Commodity trading is one of the most lucrative venture an investor can try. That’s because it offers a lot of benefits. The only thing you need to have is a small amount of capital and the knowledge of the market.
To start trading commodities, you should first understand the market’s most basic concepts. What are commodities? What are its different types? How can we trade them?
What are Commodities?
A commodity is a basic good or raw material that commerce participants use. In other words, these commodities are the building blocks of a bigger good or service.
There are a lot of commodities in the market. But you only have to think about four of them when you want to try commodity trading.
- Agricultural Commodities (sugar, coffee, cotton, beans)
- Energy (petroleum, oil, gas)
- Metals (copper, gold, silver, platinum)
- Livestock (pork, live cattle, meat)
How are they different?
Apart from their general types, these commodities also differ in terms of liquidity and ease of access.
Some commodities see higher trading volumes than others. Feeder cattle trading, for instance, isn’t as active if you compare it to crude oil trading.
Supply and Demand Drive Prices
Commodity prices primarily move according to supply and demand dynamics.
The supply, on the one hand, moves according to different factors. Such factors include:
- Government policies
- Industry regulations
Government sanctions also affect the supply greatly. For instance, the US may impose sanctions on oil producing countries. Then, the supply would decrease.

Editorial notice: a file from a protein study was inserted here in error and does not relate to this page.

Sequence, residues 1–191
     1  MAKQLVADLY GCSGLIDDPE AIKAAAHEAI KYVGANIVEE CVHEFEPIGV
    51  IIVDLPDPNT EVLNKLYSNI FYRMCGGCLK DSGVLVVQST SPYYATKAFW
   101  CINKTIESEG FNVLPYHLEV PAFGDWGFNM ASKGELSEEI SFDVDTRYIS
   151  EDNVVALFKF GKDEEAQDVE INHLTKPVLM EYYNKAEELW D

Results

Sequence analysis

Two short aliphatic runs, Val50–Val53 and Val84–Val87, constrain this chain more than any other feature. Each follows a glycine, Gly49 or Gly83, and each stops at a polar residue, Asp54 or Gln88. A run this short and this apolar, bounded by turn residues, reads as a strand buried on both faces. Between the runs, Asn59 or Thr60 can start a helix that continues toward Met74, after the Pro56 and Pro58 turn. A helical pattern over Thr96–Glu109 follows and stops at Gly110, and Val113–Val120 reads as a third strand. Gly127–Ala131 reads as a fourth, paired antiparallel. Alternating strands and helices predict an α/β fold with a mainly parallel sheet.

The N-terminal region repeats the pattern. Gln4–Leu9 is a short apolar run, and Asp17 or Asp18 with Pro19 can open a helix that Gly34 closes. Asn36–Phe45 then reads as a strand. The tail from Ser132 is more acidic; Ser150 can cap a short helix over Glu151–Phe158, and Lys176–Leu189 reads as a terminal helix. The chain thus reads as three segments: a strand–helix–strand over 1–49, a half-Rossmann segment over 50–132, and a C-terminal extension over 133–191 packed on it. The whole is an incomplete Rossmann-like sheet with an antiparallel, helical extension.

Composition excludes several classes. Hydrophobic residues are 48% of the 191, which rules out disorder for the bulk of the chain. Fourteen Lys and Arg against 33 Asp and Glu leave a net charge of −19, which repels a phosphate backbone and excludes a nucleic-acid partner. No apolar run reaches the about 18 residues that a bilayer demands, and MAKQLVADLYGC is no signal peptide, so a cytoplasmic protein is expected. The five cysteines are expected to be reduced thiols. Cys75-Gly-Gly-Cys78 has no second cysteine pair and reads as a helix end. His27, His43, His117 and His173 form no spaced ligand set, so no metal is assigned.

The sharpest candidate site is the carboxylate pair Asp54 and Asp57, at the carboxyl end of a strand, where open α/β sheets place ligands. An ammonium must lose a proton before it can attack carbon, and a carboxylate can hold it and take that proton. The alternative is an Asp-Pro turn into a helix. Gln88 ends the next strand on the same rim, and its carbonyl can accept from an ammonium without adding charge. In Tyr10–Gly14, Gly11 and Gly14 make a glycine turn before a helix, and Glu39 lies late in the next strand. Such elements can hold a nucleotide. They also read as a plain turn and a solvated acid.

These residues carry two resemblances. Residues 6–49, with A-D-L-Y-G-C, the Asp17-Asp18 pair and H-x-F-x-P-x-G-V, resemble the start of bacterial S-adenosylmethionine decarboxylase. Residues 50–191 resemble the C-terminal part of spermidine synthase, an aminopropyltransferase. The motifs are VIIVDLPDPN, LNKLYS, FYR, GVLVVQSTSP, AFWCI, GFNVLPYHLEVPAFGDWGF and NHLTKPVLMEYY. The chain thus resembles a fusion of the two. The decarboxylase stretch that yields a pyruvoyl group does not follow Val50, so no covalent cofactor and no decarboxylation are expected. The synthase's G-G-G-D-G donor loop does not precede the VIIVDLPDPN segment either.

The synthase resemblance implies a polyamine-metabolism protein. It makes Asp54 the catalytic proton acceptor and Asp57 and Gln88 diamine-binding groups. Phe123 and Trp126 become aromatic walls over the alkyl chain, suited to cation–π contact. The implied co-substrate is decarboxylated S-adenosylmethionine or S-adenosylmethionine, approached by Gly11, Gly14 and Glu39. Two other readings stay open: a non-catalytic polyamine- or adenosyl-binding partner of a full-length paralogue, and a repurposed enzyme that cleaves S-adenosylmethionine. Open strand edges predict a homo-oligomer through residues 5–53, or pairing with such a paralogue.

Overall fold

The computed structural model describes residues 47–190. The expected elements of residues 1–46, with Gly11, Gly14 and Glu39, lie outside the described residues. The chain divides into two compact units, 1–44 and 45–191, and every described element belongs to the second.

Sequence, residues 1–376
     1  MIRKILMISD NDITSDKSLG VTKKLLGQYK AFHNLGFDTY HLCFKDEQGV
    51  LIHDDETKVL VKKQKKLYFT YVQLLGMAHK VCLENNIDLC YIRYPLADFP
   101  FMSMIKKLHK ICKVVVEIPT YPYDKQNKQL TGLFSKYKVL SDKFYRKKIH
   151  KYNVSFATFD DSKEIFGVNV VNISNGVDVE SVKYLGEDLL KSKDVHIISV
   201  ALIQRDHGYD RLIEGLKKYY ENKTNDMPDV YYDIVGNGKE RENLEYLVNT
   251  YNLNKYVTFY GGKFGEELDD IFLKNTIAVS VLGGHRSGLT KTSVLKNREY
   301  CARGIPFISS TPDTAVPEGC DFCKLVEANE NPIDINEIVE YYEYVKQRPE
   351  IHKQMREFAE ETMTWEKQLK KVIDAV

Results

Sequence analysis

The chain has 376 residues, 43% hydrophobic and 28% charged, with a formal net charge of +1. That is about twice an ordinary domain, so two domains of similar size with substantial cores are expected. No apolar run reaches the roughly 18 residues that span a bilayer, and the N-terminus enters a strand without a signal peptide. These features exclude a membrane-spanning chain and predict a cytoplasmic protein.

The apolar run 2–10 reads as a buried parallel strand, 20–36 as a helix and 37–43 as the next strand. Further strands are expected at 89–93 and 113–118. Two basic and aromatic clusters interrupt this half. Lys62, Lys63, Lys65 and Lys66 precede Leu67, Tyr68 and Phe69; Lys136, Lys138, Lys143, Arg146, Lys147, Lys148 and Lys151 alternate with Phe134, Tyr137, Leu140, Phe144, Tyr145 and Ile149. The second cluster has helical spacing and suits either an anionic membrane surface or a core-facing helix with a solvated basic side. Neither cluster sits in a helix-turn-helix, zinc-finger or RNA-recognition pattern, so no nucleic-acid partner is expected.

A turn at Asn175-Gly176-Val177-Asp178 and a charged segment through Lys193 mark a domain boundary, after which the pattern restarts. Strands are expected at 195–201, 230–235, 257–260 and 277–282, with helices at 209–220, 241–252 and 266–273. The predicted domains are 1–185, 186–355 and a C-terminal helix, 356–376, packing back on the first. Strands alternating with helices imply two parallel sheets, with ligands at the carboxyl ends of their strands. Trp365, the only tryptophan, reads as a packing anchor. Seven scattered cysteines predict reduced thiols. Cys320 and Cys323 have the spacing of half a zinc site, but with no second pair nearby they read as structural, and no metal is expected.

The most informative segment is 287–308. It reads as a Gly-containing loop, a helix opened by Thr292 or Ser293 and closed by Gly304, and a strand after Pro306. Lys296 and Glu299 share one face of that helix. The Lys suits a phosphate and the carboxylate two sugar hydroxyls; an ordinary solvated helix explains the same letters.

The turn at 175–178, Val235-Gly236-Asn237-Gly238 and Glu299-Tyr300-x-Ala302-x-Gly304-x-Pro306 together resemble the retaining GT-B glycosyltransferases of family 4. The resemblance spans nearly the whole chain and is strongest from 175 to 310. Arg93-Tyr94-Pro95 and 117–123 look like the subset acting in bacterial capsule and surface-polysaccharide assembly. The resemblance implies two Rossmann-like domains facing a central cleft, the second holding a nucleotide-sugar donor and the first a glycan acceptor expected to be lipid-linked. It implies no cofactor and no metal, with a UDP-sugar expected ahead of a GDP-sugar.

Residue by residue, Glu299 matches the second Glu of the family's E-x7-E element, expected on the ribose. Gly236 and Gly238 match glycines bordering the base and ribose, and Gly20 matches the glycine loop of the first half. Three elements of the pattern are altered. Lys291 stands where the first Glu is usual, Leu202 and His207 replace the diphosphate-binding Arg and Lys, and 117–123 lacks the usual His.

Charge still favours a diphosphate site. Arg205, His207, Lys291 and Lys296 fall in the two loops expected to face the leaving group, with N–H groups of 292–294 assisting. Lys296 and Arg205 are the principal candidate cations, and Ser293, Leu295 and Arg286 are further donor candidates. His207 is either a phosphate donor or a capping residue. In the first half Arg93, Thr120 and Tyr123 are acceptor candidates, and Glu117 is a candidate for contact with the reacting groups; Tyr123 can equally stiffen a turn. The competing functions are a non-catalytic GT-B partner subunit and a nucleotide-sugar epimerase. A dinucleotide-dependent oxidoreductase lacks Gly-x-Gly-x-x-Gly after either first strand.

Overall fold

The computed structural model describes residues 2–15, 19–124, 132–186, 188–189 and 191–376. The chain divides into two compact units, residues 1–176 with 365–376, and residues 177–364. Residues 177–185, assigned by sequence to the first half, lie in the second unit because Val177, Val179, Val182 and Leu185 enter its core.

Lower supply levels mean a probable increase in price.
On the other hand, demand can also move according to those factors. Consumer habits and the economic health primarily drive the demand.
Ways to Do Commodity Trading
To trade commodities, the most direct way is to buy the commodity itself and wait for prices to go up.
However, it’s also the most impractical, as you would be receiving the delivery of the actual bags, herd, or bars of commodities.
Here are some of easier way to trade commodities.
Commodity funds let you expose yourself to commodities without having to buy them directly.
Just like many other types of funds, it offers quick and easy diversity. That’s because a fund may invest in various commodities at once.
Commodities also have historically low correlation to the stock market. As a result, commodity funds serve as good hedge if you have equity holdings too.
You can also find commodity stocks, or companies that deal heavily with commodities. The only downside of this is that when commodity markets experience weakness, these companies also decline.
Commodity futures are generally pure play on the underlying commodity. It also gives you the chance to use leverage, which lets you achieve bigger profits even with small movements.
On the other hand, the futures markets can experience high volatility. At the same time, leverage also magnifies your chances of losing even it as increases your possible gains.
Commodity options let you trade on the stocks of commodity-heavy companies, but with smaller investments than actually buying stocks.
Your risk will only depend on the price of the option. Options on commodity stocks are also typically highly liquid.
The downside is that your earnings or losses potential can change due to company-specific factors. In other words, commodity options aren’t a pure play on commodities.